‘I’m afraid I must come in, Mrs. Miggs. I’m Patricia,’ she flashes her badge at me and puffs her chest out like a plump pigeon, ‘there’s been complaints of a… smell. And the whole building is infested with cockroaches. Have you seen any?’ She brushes past me, her big brutish boots thudding against the floorboards. ‘How many rooms are in here?’
‘Um… Just the two, well three actually including the bathroom… The lounge and kitchen are combined, you see…’
I lead her through and watch her eyes widen to the size of dinner plates, her eyebrows raise an inch higher. My cheeks start to burn. The moths are deafening in my chest as she takes in the room.
‘I know,’ I say shaking my head, ‘I know… I have rather let myself go, haven’t I? Oh, it is a bit of a mess, Pat – I can call you that, can’t I? – If only I’d have known you were coming I would’ve… bought some biscuits in and things-‘
Her eyes wander to the corner devoted to my black bin bag exhibit. There’s around eleven of them piled on top of one another, incriminating contents spilling out onto the floor, some glued to the walls; empty ice cream tubs, cigarette packets, bloodied towels, banana peels, empty bottles of wine. Perhaps she’s an eco-warrior, and she thinks – oh, the shame! – that I don’t recycle.
‘I know what you’re thinking, Pat… It can be so easy to judge self-expression but as an artist, I transform rubbish into meaning. One woman’s waste can be so beautiful when artfully arranged… Treasured, in fact. It tells a story, do you see?’
She looks at me blankly. I think she’s trying not to gag.
‘This is going to have to be dealt with eventually, Mrs. Miggs,’ Patricia says gravely.
I smile thinly, I think I know what she wants. I need to get rid of her. ‘So… the cockroaches. I have one… Just one, really… Here…’ I point to the radio.
Patricia picks her way through the debris on the floor in her big black ugly boots, hand still covering her face. I get a distasteful view of her fat bottom as she peers at my beloved Kafka, his horns now frantically trembling at the sight of her big round face.
‘Okay…. Right…’ Patricia speaks slowly, calmly, as if she’s placating a child. ‘Is there any more, Mrs. Miggs?’
‘No. No more. Only one,’ I lie. ‘He likes the radio.’
‘Hm. Sure…’ She reaches inside of her bag and extracts a bundle of what looks like white cards. ‘I’ll need to put these all over the house, so we can see how big the problem is. They’re sticky, see?’ she stomps over into the hall again, clears her throat, ‘is this the… bedroom?’
The moths are thrashing now, millions of tiny explosions inside my ribs. ‘No!’ I shriek, ‘No! You simply cannot go in there. I– I’m working on something, VERY important,’ I’m shrill now, rude even, lunging to grab her arm, ‘I’m an artist, you see and, and no – NO – NO–‘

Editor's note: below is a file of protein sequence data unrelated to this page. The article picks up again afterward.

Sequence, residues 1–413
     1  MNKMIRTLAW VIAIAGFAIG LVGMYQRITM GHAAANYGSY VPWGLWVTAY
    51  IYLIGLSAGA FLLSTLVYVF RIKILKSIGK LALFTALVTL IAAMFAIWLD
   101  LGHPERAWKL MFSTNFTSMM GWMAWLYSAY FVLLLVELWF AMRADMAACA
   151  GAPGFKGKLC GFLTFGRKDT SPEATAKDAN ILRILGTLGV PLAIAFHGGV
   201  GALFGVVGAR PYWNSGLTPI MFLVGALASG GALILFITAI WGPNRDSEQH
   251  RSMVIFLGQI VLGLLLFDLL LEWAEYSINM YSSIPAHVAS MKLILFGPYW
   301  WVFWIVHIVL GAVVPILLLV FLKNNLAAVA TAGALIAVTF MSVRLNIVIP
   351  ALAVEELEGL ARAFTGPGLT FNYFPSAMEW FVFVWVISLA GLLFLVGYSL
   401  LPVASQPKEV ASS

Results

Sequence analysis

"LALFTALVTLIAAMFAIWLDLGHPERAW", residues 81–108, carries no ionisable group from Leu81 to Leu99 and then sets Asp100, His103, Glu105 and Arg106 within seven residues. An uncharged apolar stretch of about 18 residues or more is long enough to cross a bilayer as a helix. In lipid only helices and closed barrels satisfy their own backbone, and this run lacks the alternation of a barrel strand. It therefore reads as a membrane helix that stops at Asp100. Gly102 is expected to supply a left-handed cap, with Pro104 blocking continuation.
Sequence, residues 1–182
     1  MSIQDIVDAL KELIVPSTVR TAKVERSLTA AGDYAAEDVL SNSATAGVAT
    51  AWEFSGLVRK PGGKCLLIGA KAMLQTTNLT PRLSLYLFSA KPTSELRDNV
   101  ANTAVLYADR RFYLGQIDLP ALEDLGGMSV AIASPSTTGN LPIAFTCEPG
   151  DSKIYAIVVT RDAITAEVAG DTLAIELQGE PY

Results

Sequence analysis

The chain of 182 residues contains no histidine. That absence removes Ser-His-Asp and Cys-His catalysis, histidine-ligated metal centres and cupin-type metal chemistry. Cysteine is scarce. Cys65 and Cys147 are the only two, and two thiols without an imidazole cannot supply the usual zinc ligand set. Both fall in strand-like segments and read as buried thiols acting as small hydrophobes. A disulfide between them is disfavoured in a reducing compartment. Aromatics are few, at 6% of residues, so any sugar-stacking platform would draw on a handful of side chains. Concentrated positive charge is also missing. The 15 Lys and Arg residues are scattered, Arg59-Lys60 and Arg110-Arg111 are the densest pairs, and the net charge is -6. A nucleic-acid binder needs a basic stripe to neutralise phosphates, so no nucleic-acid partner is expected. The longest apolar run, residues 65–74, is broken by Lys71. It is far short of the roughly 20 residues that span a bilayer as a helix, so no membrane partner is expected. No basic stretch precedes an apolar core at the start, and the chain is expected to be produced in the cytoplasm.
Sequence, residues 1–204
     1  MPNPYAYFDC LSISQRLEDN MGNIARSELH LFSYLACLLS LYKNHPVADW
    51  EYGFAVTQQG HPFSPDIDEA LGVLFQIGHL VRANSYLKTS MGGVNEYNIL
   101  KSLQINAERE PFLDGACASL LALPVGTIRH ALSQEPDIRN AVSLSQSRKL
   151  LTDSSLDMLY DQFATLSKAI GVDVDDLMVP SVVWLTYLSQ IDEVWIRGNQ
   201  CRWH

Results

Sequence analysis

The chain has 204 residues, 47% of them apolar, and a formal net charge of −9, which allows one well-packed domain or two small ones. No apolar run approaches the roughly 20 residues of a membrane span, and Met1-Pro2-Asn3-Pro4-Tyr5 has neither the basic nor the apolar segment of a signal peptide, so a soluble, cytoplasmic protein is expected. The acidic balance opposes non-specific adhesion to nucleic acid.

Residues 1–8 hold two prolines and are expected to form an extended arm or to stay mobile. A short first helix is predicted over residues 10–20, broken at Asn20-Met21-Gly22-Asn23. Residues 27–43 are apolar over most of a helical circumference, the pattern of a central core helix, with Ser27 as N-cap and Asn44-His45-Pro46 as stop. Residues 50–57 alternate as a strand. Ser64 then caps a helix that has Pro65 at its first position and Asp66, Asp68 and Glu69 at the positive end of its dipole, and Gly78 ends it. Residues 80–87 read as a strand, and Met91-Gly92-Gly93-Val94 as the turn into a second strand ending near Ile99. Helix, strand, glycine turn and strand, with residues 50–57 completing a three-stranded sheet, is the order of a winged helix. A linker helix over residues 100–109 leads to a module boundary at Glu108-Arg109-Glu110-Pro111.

She’s swung the door open before I’ve had a chance. The stench hits you like a truck before the eyes make sense of the sight. Patricia starts retching, holding onto the doorway whilst heaving multi-coloured jets of bile and undigested food onto the floor. From the looks of it she must have had spaghetti for lunch. I sigh. I’ve always prided myself on my strong constitution. Much like Kafka, I can withstand any overpowering sensory apocalypses.
‘OH MY FUCK, FUCK-‘
I wince at her curses, she gasps for air looking like she’s trying to smother herself with her own hands. I lean on the doorway as she gawks at the room. I accepted a long time ago that some people just don’t appreciate art.
George lies on his back like a beached, bloated seal on the bed. He’s around twice his natural size now, skin moth-grey and marbled, seeping various vile substances out of his every hateful orifice, much like in his life. The cavity in his stomach is the most marvellous spectacle; half eaten away, enshrining a pulsating, writhing ball of Kafkas; a scuttling, skittering, scattering mob that splutter out over the sides of his belly like a waterfall of coins when somebody wins the slot machines. The only thing that throws the symmetry off is his head, his misshapen blobby, bloody head, where I buried the ashtray over and over and over again. That was the last time he called me a slob.
Patricia stares at me. Her hand is still over her mouth and her eyes are now piggy small, streaming ugly tears rolling down the sides of her plump green cheeks.
I pat her on the shoulder. ‘I know…’ I say softly, ‘I’m a bit of a rebel, you see, not really marriage material… I’m an artist.’ I look over at George’s shrine, like a massive canvas blotted and splattered with a million beautiful hues of reds and greys and browns. ‘I call this, The Metamorphosis. It’s rather ‘Tracey Emin’, don’t you think?’